In 2015, Tanesha divorced Gibbs and began living with Sedrek Brown, who had three children of their own. Tanesha had known Sedrek all her life. They played basketball together as kids at Olinda Park, and that went on through high school. "My mom was the park manager and he lived down the street, so we hung out a lot," Tanesha said. "We always stayed in contact."
Sedrek, which is an active army reserve, was stationed in Little Rock in 2015, so she moved there with him. Due to a divorce court order, she left her children with her mother and father in Miami. Tanesha recalls that she regularly drove the 1,200 miles in her old truck to visit them without missing a holiday, birthday, or special occasion.
Around the time she moved to Little Rock, Sedrek was given custody of his three children who had lived with his ex-wife.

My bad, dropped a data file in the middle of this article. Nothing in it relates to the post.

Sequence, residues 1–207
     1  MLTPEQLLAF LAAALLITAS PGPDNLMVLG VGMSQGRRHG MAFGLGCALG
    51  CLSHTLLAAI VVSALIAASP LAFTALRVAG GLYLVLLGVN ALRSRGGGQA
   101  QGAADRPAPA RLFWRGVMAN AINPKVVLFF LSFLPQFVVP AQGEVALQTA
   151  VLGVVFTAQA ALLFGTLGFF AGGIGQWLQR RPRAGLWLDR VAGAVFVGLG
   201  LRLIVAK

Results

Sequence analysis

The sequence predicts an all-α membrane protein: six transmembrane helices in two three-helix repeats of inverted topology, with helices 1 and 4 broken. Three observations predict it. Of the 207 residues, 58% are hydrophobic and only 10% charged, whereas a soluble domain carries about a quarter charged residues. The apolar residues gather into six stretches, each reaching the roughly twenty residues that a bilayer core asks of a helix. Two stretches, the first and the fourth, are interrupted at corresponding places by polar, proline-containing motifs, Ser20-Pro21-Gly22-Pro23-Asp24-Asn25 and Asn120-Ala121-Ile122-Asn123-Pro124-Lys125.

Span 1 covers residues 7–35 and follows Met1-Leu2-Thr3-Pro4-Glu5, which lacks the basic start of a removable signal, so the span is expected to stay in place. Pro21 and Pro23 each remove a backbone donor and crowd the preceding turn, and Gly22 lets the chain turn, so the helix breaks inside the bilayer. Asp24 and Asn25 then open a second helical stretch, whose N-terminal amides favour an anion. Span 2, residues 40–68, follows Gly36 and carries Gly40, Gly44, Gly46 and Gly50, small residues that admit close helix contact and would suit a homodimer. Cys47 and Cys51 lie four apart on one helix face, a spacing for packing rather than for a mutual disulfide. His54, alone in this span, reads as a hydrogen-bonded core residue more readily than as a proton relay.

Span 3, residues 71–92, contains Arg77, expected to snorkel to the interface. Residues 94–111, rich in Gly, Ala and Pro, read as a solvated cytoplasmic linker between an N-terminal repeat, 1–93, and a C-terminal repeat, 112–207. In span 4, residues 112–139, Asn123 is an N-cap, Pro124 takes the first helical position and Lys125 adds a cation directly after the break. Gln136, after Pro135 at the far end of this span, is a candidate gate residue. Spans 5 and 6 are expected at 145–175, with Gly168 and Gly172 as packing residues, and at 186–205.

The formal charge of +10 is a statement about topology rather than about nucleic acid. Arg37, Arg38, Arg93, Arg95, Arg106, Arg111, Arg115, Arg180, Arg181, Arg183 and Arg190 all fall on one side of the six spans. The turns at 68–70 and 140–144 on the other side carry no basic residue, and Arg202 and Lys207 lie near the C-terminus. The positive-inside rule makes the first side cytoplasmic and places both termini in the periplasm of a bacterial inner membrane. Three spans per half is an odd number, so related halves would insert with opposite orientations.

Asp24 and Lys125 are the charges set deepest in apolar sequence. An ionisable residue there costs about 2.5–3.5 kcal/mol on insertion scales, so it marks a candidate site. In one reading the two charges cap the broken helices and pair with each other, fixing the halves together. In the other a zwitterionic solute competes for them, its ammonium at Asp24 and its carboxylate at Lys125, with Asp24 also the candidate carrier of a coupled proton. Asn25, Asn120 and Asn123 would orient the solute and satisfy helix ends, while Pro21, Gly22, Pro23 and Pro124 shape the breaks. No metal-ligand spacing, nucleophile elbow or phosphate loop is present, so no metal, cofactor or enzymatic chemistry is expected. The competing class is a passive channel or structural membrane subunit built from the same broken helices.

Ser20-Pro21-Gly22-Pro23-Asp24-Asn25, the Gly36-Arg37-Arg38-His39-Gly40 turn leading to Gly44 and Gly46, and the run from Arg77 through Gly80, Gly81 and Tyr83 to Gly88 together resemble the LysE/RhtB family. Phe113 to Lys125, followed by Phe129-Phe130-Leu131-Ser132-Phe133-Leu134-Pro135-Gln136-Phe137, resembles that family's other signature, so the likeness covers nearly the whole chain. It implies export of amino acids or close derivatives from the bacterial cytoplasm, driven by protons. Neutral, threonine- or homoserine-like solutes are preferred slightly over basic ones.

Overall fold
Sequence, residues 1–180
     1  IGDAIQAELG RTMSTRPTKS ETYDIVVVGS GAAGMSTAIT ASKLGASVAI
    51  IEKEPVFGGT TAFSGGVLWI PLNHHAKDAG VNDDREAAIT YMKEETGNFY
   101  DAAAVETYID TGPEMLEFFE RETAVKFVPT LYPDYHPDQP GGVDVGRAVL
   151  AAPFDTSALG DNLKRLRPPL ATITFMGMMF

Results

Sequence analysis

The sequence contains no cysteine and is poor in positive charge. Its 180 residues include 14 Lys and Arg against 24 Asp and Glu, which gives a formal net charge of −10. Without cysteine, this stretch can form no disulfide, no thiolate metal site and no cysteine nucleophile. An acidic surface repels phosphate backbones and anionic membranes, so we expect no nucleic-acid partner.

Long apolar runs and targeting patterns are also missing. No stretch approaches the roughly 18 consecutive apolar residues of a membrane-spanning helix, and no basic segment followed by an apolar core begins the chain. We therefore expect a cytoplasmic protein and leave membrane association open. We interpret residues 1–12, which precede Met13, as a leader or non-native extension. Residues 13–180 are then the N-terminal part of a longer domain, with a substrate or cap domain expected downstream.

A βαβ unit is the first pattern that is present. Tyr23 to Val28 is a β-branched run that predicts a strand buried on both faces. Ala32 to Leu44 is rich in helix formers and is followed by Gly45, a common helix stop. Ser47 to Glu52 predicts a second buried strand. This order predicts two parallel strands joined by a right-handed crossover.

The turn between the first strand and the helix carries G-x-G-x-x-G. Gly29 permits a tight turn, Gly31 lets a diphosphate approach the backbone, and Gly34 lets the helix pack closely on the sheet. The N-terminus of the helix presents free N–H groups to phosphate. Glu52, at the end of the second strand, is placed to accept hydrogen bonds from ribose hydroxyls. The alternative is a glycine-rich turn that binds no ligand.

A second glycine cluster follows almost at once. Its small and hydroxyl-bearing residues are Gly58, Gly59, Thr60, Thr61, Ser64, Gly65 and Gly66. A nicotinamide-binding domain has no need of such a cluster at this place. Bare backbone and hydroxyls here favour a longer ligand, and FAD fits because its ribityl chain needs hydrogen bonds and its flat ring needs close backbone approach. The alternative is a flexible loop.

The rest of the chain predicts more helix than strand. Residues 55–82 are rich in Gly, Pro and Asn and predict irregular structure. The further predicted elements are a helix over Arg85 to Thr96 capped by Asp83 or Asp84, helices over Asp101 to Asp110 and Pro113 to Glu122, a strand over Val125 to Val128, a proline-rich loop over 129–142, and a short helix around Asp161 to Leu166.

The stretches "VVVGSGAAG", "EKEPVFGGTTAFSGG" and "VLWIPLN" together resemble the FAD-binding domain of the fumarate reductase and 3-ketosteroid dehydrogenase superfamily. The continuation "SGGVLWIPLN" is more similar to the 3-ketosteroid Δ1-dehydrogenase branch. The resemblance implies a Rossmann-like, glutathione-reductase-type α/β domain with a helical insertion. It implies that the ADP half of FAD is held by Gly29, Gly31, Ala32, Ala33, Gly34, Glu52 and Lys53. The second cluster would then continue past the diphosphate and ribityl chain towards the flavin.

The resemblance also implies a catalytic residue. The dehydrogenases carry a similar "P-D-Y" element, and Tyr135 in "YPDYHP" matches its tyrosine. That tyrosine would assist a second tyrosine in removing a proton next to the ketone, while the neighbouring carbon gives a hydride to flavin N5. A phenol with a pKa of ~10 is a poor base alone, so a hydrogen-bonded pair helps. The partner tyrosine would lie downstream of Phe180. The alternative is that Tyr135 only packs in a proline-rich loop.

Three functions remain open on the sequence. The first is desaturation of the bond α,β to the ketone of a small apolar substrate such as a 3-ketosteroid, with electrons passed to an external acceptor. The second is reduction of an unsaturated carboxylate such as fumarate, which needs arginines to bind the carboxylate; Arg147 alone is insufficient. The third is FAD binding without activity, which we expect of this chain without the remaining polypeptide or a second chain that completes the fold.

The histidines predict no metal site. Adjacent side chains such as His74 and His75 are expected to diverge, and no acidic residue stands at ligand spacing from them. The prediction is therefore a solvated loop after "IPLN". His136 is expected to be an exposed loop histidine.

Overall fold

Grant a wish. Make a difference.
How to Help: Wish Book seeks to help this family and hundreds of others in need this year. To donate, securely pay at MiamiHerald.com/wishbook.
In 2017 Tanesha and Sedrek married and they gave birth to their third child, Serenity. Just two weeks after the birth, she and the baby drove to Miami. "I did everything I could to be with my children," she said. "Right after I had my baby while my husband was in training for three weeks, I took all the children with me and we drove for 17 hours to pick up Tayh’lyn and Ricardo and hang out together."
That same year, the couple received custody of Sedrek's 8-year-old nephew, Derwin, after his mother died, bringing the number of children in their family to seven. Despite the fighting, the family decided to lead a good life.
In early 2018, Tanesha was determined to be closer to her children. Sedrek moved temporarily to Orlando and was then posted to Afghanistan in May. She and the seven children moved into a cramped two-bedroom house in Hollywood.
Brown and her ex-husband are fighting for custody of 13-year-old Tayh’lyn and 9-year-old Ricardo. Finding the money to pay a lawyer has proven very difficult, but she continued to struggle. "It was a big problem for me," said Brown. "The whole situation stressed me a lot."